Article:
UNITED NATIONS (AP) — A U.N. inquiry has found that at least 44 Palestinians were killed and at least 227 injured by “Israeli actions” while sheltering at U.N. locations during last year’s Gaza war.
Secretary Ban Ki-moon said Monday he deplores the deaths and calls U.N. locations “inviolable.”
The independent board of inquiry also found that weaponry was found at three empty U.N. schools in Gaza and that in two cases Palestinian militants “probably” fired from the schools. Ban called that “unacceptable.”
The 2014 war was the most devastating for Gaza’s 1.8 million people, killing more than 2,200 Palestinians, a majority of them civilians, according to U.N. figures. Seventy-two people were killed on the Israeli side, including 66 soldiers.
In one case, the new inquiry says, a U.N. girls’ school was hit by 88 mortar rounds fired by the Israeli Defense Forces. In another case, another girls’ school was hit by direct fire from the IDF with an anti-tank projectile. A third girls’ school was hit by an IDF missile.
At a fourth girls’ school, the inquiry said, “no prior warning had been given by the government of Israel of the firing of 155 MM high explosive projectiles on, or in the surrounding area of the school.”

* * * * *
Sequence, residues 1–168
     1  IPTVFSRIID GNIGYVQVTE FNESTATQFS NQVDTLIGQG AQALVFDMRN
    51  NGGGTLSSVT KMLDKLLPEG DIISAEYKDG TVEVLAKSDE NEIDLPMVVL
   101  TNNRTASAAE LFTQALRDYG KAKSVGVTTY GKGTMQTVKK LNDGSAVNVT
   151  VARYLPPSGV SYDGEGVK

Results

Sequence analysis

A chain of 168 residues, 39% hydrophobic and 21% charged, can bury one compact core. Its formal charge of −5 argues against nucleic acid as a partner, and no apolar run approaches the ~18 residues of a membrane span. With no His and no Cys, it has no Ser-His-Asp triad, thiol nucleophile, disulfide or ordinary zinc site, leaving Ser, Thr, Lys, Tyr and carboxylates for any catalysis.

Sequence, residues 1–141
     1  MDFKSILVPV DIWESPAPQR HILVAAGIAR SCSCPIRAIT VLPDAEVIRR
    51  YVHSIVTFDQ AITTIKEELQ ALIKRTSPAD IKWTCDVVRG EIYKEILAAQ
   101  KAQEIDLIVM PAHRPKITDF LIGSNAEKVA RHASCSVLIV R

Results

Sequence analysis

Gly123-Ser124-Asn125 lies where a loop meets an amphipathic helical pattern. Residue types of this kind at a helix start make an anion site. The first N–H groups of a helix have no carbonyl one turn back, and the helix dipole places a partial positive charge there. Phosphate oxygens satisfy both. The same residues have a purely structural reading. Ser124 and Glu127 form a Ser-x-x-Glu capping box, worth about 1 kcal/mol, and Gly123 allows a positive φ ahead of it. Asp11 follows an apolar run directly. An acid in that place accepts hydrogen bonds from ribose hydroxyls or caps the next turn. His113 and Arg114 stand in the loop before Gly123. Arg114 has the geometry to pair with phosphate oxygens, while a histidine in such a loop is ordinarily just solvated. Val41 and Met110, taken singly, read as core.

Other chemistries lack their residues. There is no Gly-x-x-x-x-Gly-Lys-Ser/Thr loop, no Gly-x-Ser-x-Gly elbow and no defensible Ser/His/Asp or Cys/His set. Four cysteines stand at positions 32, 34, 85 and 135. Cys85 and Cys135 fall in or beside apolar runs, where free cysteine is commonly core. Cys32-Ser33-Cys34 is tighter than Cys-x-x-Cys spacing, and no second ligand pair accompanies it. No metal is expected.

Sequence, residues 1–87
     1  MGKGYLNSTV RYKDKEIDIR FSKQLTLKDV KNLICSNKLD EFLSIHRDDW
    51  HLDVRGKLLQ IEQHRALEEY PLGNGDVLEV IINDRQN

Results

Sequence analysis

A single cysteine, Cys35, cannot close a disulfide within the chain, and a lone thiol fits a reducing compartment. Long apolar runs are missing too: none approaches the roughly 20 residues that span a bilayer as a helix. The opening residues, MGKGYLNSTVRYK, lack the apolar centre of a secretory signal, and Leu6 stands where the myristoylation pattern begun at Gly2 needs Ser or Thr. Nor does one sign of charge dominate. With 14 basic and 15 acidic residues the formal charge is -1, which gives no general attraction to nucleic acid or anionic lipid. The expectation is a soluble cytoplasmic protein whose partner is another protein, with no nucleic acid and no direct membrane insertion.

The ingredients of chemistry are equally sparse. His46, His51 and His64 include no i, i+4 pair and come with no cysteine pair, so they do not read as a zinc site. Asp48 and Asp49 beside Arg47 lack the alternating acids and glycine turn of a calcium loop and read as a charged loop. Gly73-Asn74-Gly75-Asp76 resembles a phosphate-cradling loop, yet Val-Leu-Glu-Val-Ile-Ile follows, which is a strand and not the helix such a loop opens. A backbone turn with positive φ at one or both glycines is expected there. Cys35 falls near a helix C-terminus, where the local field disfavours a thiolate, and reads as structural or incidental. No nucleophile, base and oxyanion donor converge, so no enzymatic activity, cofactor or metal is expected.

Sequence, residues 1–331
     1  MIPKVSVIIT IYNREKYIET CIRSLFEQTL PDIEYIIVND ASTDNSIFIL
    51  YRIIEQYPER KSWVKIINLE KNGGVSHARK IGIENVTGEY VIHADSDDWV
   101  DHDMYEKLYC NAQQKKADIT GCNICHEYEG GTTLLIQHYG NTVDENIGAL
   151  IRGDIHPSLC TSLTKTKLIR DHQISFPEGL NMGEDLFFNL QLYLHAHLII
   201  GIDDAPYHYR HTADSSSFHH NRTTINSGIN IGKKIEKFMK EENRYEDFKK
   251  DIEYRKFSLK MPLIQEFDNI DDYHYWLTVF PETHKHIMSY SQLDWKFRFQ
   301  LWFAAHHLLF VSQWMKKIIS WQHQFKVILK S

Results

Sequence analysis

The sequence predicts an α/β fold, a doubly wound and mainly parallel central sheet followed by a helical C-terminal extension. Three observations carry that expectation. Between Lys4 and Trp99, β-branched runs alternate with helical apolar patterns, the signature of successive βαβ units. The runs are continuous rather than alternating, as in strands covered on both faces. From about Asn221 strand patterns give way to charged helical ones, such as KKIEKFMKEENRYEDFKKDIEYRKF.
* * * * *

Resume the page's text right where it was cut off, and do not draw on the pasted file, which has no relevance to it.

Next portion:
The U.N. released its summary of the report but said the full 207-page report is private. The inquiry looked at 10 incidents. Ban’s statement stressed that the board of inquiry “does not make legal findings” and was not tasked with addressing the wider issues of the Gaza war.
Ban ordered the inquiry in November after thousands of buildings were destroyed and at least 223 Gaza schools, either run by the U.N. refugee agency or the Islamic militant group Hamas government, were hit in the fighting. Weapons caches were found in several U.N. schools that weren’t being used at the time.
When Ban visited Gaza in October, he said the destruction was “beyond description” and “much more serious” than what he witnessed in the Palestinian territory in 2009 in the aftermath of a previous Israel-Hamas war.
Ban said Monday he has established a group of senior managers to look into the inquiry’s recommendations.
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